After a hung jury, many judges will poll the jury to find out how close the vote was and which direction it was leaning. This can be helpful for the prosecution in deciding whether to bring the case back for another trial. However, the judge is not required to do this and it is completely discretionary.
The prosecution can sometimes also have a sense about which way the jury was leaning based on any questions the jury may have posed to the judge during the deliberations, any statements made in open court when asked by the judge how close the jury was, and the jury’s body language.
If the prosecution decides to retry the case, the defendant will face a new trial with a different jury. This process starts anew, with jury selection, opening statements, presentation of evidence, and deliberations.
Rights of the Defendant
The defendant’s rights continue to be protected after a hung jury. The Double Jeopardy Clause of the Fifth Amendment, which prevents an individual from being tried twice for the same offense, does not apply in the case of a mistrial due to a hung jury. This is because there was no final verdict in the initial trial.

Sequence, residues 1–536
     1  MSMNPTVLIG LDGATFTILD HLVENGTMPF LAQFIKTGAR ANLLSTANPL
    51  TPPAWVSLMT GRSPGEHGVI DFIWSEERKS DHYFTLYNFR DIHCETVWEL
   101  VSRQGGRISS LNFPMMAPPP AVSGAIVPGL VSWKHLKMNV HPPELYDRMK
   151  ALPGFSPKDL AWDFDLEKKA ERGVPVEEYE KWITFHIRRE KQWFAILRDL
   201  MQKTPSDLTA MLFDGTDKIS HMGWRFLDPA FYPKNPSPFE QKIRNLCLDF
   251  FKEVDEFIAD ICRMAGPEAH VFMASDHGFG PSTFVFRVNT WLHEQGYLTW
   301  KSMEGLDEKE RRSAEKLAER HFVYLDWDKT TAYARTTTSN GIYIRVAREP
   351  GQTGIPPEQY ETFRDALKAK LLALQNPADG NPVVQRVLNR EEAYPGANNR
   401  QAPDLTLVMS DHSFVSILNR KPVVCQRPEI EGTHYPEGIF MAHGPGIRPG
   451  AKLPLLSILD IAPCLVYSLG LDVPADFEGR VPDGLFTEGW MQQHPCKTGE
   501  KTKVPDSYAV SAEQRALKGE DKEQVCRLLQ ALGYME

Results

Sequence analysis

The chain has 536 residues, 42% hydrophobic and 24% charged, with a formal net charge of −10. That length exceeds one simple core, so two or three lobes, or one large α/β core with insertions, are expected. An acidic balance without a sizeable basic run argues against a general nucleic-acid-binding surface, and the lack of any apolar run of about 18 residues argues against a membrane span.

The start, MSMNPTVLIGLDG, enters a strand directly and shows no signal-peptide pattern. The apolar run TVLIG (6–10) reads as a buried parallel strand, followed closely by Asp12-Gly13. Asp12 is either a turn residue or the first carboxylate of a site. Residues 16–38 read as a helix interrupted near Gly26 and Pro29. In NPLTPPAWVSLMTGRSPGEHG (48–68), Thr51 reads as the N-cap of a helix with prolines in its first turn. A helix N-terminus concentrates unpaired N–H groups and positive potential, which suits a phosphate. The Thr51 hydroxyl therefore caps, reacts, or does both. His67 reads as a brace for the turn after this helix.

However, the defendant retains the right to a fair trial, which includes the right to effective legal representation, the right to confront witnesses, and the protection against self-incrimination.
Challenges and Considerations
The occurrence of a hung jury brings several challenges and considerations. For the defendant, the prospect of facing another trial can be stressful and financially burdensome. For the prosecution, the decision to retry a case must balance the interests of justice with the efficient use of resources and the potential impact on victims and witnesses.
Moreover, a hung jury often leads to questions about the clarity of the law, the persuasiveness of the evidence, and the effectiveness of the attorneys’ arguments. These factors are typically scrutinized to determine if changes are needed in a subsequent trial.
A hung jury in New Hampshire’s criminal justice system presents a unique set of legal and procedural challenges. It necessitates careful consideration by the judge, prosecution, and defense regarding the next steps. While a hung jury may initially seem like a setback in the pursuit of justice, it is a vital aspect of the legal system that upholds the principle of unanimous consensus in criminal convictions. It reflects the system’s commitment to ensuring that verdicts are reached only when there is absolute certainty among the jury members. This process, while sometimes lengthy and complex, is fundamental to maintaining the integrity and fairness of the criminal justice system in New Hampshire and across the United States.
If you find yourself facing a criminal trial, it’s important that you have an experienced criminal defense attorney on your team. We can help you navigate the justice system and do our best to reach a favorable verdict and avoid a hung jury so you can put the past behind you. Contact us for a free consultation today.